Platonic love, from the Latin armor Platonicus, is nonphysical attraction between a man and a woman, sometimes called platonic friendship. This notion of friendship is loosely derived from views stated in Plato's Symposium, in which he tells of the pure love of Socrates for young men. In 1626 in England, platonic love, the love of friendship only, came to be applied only to a love between a man and a woman, and the talk between them was called platonics.
   Not much is known about the renowned philosopher. Plato (c. 428347 B.C.) at birth was given the name Aristocles. His name was changed to Plato by his gymnastic teacher, who admired the great width of his shoulders (in Greek, Plato means "wide"). At age twenty, Plato became a student of Socrates. After the death of Socrates, Plato founded the Academy in 387, the first university, which offered courses in philosophy, mathematics, logic, and government. One of Plato's pupils was Aristotle. Plato died while attending a wedding feast in Athens. Although his age was uncertain, he is believed to have been about eighty. Philosopher Alfred North Whitehead characterized Western philosophy as "a series of footnotes to Plato."

Dictionary of eponyms. . 2013.

Игры ⚽ Нужно сделать НИР?

Look at other dictionaries:

  • platonic — PLATÓNIC, Ă, platonici, ce, adj. 1. Care aparţine platonismului, privitor la platonism; platonian, platonician (2). ♦ p. ext. (Despre sentimente) Pur, ideal; spiritualizat. 2. Care nu se poate realiza, care nu se concretizează, care nu poate fi… …   Dicționar Român

  • Platonic — Pla*ton ic, Platonical Pla*ton ic*al, a. [L. Platonicus, Gr. ?: cf. F. platonique.] 1. Of or pertaining to Plato, or his philosophy, school, or opinions. [1913 Webster] 2. Pure, passionless; nonsexual; philosophical. [1913 Webster] {Platonic… …   The Collaborative International Dictionary of English

  • platonic — referring to spiritual as distinct from erotic love, is spelt with a small initial p. When the reference is directly to Plato (as in Platonic dialogue), it is spelt Platonic with a capital initial letter …   Modern English usage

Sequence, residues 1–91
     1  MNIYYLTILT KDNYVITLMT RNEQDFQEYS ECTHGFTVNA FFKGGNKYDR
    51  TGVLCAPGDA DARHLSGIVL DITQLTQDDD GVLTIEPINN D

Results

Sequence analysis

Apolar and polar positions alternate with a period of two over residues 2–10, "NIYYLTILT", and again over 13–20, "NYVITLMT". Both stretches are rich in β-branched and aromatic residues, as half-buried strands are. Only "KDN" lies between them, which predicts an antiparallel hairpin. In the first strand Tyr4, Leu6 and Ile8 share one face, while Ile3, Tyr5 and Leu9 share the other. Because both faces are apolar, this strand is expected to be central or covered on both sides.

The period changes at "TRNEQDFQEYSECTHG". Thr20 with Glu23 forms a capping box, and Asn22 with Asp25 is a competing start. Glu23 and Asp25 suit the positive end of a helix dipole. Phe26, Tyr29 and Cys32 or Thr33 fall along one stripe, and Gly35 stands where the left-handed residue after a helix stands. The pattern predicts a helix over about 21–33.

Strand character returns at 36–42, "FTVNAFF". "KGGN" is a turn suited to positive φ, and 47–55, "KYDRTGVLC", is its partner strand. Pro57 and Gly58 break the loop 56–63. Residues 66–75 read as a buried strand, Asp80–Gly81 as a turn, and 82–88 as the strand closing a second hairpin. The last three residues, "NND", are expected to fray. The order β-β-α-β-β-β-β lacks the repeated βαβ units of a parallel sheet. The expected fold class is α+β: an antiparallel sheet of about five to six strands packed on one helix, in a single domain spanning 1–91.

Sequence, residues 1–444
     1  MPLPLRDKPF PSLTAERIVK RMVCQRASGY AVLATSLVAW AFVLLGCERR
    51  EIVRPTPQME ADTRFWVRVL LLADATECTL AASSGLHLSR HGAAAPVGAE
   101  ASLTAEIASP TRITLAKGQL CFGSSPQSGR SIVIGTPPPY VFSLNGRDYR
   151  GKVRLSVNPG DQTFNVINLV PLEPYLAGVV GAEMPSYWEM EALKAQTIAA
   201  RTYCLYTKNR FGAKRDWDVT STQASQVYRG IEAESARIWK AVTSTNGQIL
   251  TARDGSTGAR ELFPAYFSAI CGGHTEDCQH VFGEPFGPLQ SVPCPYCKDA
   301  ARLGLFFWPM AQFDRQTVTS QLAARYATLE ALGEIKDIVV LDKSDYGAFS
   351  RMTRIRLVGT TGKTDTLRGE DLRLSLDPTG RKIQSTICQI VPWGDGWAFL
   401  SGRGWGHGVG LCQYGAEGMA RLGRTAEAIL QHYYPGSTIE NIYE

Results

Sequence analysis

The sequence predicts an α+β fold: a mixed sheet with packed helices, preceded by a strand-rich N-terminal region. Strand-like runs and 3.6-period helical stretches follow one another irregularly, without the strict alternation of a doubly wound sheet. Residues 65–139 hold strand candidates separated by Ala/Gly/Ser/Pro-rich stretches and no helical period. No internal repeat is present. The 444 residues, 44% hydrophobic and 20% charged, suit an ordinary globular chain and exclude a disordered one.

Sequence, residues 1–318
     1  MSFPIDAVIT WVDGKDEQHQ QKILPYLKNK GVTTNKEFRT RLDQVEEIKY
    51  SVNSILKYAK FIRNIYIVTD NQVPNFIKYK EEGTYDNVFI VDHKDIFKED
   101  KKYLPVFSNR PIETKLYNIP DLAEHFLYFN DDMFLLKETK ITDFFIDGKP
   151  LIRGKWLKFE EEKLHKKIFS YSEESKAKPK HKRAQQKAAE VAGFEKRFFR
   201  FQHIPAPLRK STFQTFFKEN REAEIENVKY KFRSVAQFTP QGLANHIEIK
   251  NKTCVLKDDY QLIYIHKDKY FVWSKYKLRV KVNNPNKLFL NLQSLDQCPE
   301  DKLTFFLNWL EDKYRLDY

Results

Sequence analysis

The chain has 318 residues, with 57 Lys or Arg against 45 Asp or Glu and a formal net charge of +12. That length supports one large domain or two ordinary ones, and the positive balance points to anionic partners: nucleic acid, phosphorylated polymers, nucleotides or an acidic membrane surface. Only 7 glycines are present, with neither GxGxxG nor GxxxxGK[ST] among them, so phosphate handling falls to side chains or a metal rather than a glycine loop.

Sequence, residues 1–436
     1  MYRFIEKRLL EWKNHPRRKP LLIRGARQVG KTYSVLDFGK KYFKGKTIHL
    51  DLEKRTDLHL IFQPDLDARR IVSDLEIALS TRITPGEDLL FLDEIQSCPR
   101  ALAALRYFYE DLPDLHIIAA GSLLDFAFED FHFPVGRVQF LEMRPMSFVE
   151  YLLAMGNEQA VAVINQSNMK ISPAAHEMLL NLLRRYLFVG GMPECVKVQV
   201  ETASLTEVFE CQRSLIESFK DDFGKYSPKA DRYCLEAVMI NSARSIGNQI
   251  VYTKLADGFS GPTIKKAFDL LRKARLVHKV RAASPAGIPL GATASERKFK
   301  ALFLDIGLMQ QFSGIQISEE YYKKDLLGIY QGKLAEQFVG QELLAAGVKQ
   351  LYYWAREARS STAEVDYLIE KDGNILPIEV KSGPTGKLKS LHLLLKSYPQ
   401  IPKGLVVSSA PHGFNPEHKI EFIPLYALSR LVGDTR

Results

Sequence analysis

• Platonic — ► ADJECTIVE 1) of or associated with the Greek philosopher Plato (c.429 c.347 BC) or his ideas. 2) (platonic) (of love or friendship) intimate and affectionate but not sexual. DERIVATIVES platonically adverb …   English terms dictionary

  • Platonic — Pla*ton ic, n. A follower of Plato; a Platonist. [1913 Webster] …   The Collaborative International Dictionary of English

  • Platonic — (adj.) 1530s, of or pertaining to Gk. philosopher Plato (429 B.C.E. c.347 B.C.E.). The name is Gk. Platon, properly broad shouldered (from platys broad; see PLACE (Cf. place) (n.)). His original name was Aristocles. The meaning love free of… …   Etymology dictionary

  • platonic — [adj] expressing nonphysical love ideal, idealistic, intellectual, quixotic, spiritual, transcendent, Utopian, visionary; concepts 403,555 Ant. physical …   New thesaurus

  • Platonic — [plə tän′ik, plātän′ik] adj. [L Platonicus < Gr Platōnikos] 1. of or characteristic of Plato or his philosophy 2. idealistic, visionary, or impractical 3. [usually p ] designating or of a relationship, or love, between a man and a woman that… …   English World dictionary

  • Platonic — Plato s influence on Western culture was so profound that several different concepts are linked by being called platonic or Platonist, for accepting some assumptions of Platonism, but which do not imply acceptance of that philosophy as a whole.… …   Wikipedia

  • platonic — [[t]plətɒ̱nɪk[/t]] (The spelling Platonic is also used for meaning 2.) 1) ADJ GRADED Platonic relationships or feelings of affection do not involve sex. She values the platonic friendship she has had with Chris for ten years. Ant: sexual 2) ADJ:… …   English dictionary

Share the article and excerpts

Direct link
Do a right-click on the link above
and select “Copy Link”